Beginning this week and through the end of the year, this blog will summarize the top judicial ethics and discipline stories of 2014.
“Commit the oldest sins the newest kind of ways”
From Shakespeare, Henry IV, Part 2, Act 4, Scene 5
Inappropriate private comments by judges are not new to the internet age, but the ease of communication in electronic formats makes such comments more likely to become public. Several judicial discipline cases from 2014 illustrate the perils of a judge forgetting his (in all three cases) judicial position while sitting at the keyboard or tapping on a keypad.
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Based on a “report not contested” filed by the Judicial Discipline and Disability Commission, in September, the Arkansas Supreme Court removed Judge Michael Maggio from office for comments he posted as “geauxjudge” on “tiger droppings,” a public Louisiana State University sports fan forum page, and other misconduct. In March, after he was identified as “geauxjudge” by a blog called the Blue Hog Report, the judge had dropped out of the race for the Court of Appeals.
Since November 2005, the judge had made posts on the fan-site from his telephone, his personal home computer, or the office computer owned by the county and supplied to his circuit court office. The Commission found that the judge’s comments were not anonymous, stating “it took little time once the posts were sorted to find numerous facts in the posts that proved your actual identity.” The Commission gave examples of the hundreds of posts the judge made, including comments on a closed adoption by actress Charlize Theron; on pending cases; expressing his wish to be assigned cases involving attractive women, sexual subjects, and nude pictures; giving legal advice on how to beat a DWI charges; and with inappropriate gender, racial, and sexually related statements.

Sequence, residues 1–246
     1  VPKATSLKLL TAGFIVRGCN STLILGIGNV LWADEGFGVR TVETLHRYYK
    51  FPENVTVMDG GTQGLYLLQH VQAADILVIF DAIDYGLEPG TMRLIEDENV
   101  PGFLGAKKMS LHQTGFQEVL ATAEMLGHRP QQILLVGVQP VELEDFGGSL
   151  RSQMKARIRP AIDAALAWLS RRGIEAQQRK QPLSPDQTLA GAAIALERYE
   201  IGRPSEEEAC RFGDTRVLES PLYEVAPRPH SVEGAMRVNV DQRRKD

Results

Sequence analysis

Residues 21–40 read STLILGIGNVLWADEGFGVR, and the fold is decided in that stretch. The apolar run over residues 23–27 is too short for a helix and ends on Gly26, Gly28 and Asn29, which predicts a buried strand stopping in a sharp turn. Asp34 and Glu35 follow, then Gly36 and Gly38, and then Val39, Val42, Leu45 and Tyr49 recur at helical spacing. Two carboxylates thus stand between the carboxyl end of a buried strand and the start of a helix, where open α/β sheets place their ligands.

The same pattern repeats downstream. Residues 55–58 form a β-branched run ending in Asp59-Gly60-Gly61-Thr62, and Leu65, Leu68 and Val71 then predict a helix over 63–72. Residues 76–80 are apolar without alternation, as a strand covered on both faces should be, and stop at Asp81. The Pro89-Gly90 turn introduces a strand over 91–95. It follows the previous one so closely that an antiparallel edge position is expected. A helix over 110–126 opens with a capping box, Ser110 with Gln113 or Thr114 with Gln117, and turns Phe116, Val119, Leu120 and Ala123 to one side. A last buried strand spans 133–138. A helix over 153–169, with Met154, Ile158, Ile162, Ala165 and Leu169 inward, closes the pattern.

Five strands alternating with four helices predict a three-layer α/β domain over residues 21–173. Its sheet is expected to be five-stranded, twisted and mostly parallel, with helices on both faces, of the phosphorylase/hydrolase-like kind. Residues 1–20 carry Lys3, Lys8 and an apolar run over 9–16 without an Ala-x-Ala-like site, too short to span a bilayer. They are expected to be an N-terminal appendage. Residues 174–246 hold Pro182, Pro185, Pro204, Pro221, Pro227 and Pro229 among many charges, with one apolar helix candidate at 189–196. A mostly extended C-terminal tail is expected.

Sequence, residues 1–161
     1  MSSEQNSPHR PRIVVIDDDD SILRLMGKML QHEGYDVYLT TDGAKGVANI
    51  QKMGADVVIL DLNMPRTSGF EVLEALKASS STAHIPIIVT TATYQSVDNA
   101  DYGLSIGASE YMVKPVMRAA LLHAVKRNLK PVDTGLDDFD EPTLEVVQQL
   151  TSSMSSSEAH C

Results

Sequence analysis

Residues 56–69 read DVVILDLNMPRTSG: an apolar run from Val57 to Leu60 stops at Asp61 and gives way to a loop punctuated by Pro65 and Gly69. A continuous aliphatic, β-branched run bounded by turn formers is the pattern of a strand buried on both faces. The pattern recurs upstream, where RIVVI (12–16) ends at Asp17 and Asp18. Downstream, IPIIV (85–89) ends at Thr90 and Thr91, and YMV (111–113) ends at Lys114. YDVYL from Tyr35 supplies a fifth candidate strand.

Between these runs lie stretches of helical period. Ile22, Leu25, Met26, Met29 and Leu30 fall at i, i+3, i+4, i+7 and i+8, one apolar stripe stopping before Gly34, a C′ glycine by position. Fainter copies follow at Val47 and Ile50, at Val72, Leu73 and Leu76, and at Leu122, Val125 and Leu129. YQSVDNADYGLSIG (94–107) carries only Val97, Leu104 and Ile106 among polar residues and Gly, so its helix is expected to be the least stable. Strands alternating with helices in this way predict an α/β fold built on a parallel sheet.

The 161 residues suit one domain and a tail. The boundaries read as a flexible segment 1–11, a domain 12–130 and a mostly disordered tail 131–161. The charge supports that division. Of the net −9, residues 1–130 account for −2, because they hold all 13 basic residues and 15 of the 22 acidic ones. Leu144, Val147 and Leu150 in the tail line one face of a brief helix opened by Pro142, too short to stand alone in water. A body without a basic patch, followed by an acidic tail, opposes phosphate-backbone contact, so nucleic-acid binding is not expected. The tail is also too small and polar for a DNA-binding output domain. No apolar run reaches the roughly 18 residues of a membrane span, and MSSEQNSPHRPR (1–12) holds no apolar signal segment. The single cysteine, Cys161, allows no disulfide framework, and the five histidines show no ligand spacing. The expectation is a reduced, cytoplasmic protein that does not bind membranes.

In its letter to the judge, the Commission stated that the comments were “much more than a problem of taste, decorum or personal opinion.”
It adds up to someone who demonstrates that he is unfit for the bench. Your actions offended and, even worse, gave rise to legitimate concerns that bias would overcome fairness and due process for a large number of potential litigants and their attorneys. Even the cases that you decided based purely on the facts and the law are now suspect by parties who look at the kind of statement you made. Whether it is race, gender, sexual orientation or specific subject matter, your comments made it impossible for you to be taken seriously as a judge who would be fair and impartial. You essentially disqualified yourself from the bench.
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The Pennsylvania Supreme Court relieved Justice Seamus McCaffery of his duties with pay pending an investigation of hundreds of sexually explicit e-mails he exchanged with members of the state attorney general’s office and other allegations. (The e-mails are part of a wider scandal involving the attorney general’s office, which became known as “porngate” and surfaced during a review of the investigation of Jerry Sandusky.) The extent of the justice’s involvement and the content of the e-mails have not yet been subject to fact-finding and may never be; after the Court’s order, Justice McCaffery resigned and agreed not to seek senior judge status or election to judicial office, and the Judicial Conduct Board dismissed its investigations.